Unlike many naturalists Comte was not at all vague about the detailed functioning of his proposed religion. He was impressed with the ritual structure of Roman Catholicism and took it as his model. For example, in the analogue of baptism, the sacrament of presentation, the parents would dedicate their child to the service of humanity in an impressive public ceremony. Public observances were to be reinforced by the regular practice of private prayer, on which Comte laid the greatest stress. A person was to pray four times daily, with each prayer divided into a commemorative and a purificatory part. In the first part one would invoke some great benefactor of humanity; by reflecting gratefully on his deeds, one would be inspired to follow his example, and one's love of humanity would thus be quickened. The purificatory part would give solemn expression to the noble desires thereby evoked; in it the individual would dedicate himself to the service of humanity. Other rituals included a system of religious festivals and a calendar of the saints of humanity that provided the material for the prayers on each day of the year.
Some idea of the religious fervor generated in Comte by the contemplation of humanity may be gained from this quotation from A General View of Positivism :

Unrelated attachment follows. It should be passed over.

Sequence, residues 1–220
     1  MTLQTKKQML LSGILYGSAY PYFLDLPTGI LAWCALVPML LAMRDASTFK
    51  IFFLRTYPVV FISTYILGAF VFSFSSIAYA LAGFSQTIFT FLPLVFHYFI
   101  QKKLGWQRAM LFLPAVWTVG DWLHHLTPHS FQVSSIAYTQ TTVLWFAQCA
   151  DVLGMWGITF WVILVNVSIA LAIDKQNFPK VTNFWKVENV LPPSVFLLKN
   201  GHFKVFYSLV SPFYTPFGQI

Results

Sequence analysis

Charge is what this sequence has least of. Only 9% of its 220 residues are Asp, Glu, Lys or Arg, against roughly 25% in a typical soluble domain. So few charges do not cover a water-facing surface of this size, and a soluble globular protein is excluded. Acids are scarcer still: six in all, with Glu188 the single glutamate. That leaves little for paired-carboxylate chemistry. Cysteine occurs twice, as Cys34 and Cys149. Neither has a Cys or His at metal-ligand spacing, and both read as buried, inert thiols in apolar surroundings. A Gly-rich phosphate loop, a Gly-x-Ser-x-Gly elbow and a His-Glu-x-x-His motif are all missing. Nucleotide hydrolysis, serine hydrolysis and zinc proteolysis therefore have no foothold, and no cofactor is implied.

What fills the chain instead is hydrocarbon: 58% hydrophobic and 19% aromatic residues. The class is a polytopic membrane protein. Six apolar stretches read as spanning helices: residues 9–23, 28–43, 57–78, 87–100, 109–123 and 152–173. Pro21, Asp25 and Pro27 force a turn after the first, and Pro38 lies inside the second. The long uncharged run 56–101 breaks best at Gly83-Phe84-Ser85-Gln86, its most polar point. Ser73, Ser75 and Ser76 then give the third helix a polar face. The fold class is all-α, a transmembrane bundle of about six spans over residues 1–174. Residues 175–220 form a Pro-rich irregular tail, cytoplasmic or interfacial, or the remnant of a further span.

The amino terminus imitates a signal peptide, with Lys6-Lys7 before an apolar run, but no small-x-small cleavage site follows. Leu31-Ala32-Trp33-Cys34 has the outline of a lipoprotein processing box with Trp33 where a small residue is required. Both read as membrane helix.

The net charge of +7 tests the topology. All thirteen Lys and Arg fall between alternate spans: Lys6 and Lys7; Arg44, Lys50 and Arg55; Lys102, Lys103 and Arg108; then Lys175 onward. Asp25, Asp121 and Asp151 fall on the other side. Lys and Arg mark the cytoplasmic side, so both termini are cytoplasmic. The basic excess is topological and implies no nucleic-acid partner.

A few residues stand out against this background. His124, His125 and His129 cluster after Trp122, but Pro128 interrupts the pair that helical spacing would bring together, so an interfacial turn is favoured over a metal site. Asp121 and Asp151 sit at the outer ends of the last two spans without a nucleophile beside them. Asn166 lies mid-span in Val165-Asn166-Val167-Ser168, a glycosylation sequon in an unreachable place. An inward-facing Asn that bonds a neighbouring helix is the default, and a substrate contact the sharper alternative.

The Being upon whom all our thoughts are concentrated is one whose existence is undoubted. We recognize that existence not in the Present only, but in the Past, and even in the Future: and we find it always subject to one fundamental Law, by which we are enabled to conceive of it as a whole. Placing our highest happiness in universal Love, we live, as far as it is possible, for others: and this in public life as well as in private; for the two are closely linked together in our religion; a religion clothed in all the beauty of Art, and yet never inconsistent with Science. After having thus exercised our powers to the full, and having given a charm and sacredness to our temporary life, we shall at last be forever incorporated into the Supreme Being, of whose life all noble natures are necessarily partakers. It is only through the worship of Humanity that we can feel the inward reality and inexpressible sweetness of this incorporation. (p. 444)